Bloomberg Barclays US Aggregate Bond Index is composed of securities from the Barclays Government/Credit Bond Index, Mortgage-Backed Securities Index, Asset- Backed Securities Index, and Commercial Mortgage-Backed Securities Index.
Bloomberg Barclays US CMBS Index measures the market of conduit and fusion Commercial Mortgage-Backed Securities deals with a minimum current deal size of
Bloomberg Barclays US Convertible Liquid Bond Index tracks US convertible securities, such as convertible bonds.
Bloomberg Barclays US Corporate Bond Index measures the investment grade, fixed-rate, taxable corporate bond market.
Bloomberg Barclays US High Yield Corporate Bond Index is an unmanaged broad-based market-value weighted index that tracks the total return performance of non-investment grade, fixed-rate publicly placed, dollar-denominated and nonconvertible debt registered with the Securities and Exchange Commission.
Bloomberg Barclays US Corporate Index is a market-weighted index of investment-grade corporate fixed-rate debt issues with maturities of one year or more.
Bloomberg Barclays US FRN (BBB) is a subset of the US Floating-Rate Note (FRN) Index, which measures the performance of USD-denominated, investment-grade, floating-rate notes across corporate and government-related sector.
Bloomberg Barclays US High Yield Corporate Bond Index is an unmanaged broad-based market-value weighted index that tracks the total return performance of non-investment grade, fixed-rate publicly placed, dollar-denominated and nonconvertible debt registered with the Securities and Exchange Commission.
Bloomberg Barclays US Long Treasury Index measures US dollar-denominated, fixed rate, nominal debt issued by the US Treasury. Treasury bills are excluded by the maturity constraint, but are part of a separate Short Treasury Index.
Bloomberg Barclays US MBS Fixed-Rate Index measures the performance of investment grade fixed-rate mortgage-backed pass-through securities of Ginnie Mae (GNMA), Fannie Mae (FNMA), and Freddie Mac (FHLMC).
Credit Suisse Leveraged Loan Index is an unmanaged, trader-priced index that tracks leveraged loans.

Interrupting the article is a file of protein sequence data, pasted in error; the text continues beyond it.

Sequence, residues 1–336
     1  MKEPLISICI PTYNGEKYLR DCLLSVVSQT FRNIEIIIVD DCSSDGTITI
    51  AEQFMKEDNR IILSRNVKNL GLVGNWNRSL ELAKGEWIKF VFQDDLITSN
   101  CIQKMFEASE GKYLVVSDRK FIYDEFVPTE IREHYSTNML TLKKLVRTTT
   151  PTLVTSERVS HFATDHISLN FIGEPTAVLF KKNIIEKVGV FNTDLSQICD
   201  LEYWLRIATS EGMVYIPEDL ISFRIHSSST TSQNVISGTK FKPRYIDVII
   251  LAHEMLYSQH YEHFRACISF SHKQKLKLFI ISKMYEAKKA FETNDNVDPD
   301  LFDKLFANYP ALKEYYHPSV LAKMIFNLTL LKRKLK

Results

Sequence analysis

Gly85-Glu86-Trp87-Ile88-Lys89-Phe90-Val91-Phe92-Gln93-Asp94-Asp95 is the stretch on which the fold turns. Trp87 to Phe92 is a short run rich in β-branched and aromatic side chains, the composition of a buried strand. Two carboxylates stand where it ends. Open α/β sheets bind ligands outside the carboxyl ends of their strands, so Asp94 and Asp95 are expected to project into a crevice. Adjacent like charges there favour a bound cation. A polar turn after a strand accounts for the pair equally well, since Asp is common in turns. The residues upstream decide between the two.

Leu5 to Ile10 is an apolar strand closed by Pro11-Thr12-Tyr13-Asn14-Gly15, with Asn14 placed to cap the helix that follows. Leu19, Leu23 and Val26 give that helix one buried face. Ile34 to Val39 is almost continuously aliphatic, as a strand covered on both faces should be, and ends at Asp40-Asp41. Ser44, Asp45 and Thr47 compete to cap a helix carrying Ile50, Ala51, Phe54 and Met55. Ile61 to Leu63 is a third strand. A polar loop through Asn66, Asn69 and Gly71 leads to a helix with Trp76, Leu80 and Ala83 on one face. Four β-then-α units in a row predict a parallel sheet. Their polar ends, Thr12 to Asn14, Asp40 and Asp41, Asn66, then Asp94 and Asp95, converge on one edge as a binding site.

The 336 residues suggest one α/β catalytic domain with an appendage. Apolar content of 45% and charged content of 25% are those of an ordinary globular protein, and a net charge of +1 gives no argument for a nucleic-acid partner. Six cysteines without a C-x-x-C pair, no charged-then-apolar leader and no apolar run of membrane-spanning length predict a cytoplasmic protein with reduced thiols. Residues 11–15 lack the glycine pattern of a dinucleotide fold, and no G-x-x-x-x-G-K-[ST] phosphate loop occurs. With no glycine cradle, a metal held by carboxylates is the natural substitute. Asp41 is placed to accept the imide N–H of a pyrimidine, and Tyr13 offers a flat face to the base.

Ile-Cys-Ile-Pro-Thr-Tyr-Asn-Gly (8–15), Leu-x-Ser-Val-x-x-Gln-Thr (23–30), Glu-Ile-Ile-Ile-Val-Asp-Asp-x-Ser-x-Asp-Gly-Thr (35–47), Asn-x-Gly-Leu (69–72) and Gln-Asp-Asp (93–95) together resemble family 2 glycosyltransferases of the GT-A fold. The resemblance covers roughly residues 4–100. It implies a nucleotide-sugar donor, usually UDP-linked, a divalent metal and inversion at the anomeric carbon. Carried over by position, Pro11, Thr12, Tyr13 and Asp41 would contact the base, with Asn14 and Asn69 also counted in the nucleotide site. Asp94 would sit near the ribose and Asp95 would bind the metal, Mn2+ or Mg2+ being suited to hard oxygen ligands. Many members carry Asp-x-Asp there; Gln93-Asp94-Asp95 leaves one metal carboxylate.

ICE BofAML Global High Yield Constrained Index tracks the performance of below investment grade corporate debt denominated in US dollars, Canadian dollars, pounds and euros that are publicly issued in the major US or Eurobond markets.
J.P. Morgan Emerging Markets Bond Index Plus is a market capitalization-weighted index based on bonds in emerging markets.
J.P. Morgan Leveraged Loan Index is designed to mirror the investable universe of US dollar institutional leveraged loans, including U.S. and international borrowers.
MSCI Emerging Markets Index is a free float-adjusted market capitalization index that is designed to measure equity market performance of emerging markets.
MSCI Europe Index is a free-float adjusted market-capitalization-weighted index designed to measure the equity market performance of the developed markets in Europe.
MSCI Japan Index is a free-float adjusted market-capitalization index designed to measure large- and mid-cap Japanese equity market performance.
MSCI USA Consumer Staples Index is designed to capture the large- and mid-cap segments of the US equity universe that are classified in the consumer staples sector.
MSCI USA Discretionary Index is designed to capture the large- and mid-cap segments of the US equity universe that are classified in the consumer discretionary sector.
MSCI USA Energy Index is designed to capture the large- and mid-cap segments of the US equity universe that are classified in the energy sector.
MSCI USA Financials Index is designed to measure the performance of the large- and midcap segments of the US equity universe that are classified in the financials sector.
MSCI USA Index is a free float-adjusted market capitalization index that is designed to measure the performance of the large and mid cap segments of the US market.
MSCI USA Info Tech Index is designed to capture the large and mid cap segments of the US equity universe that are classified in the information technology sector.
MSCI USA Utilities Index is designed to capture the large and mid cap segments of the US equity universe that are classified in the utilities sector.
MSCI World Index captures large and mid cap representation across Developed Markets countries.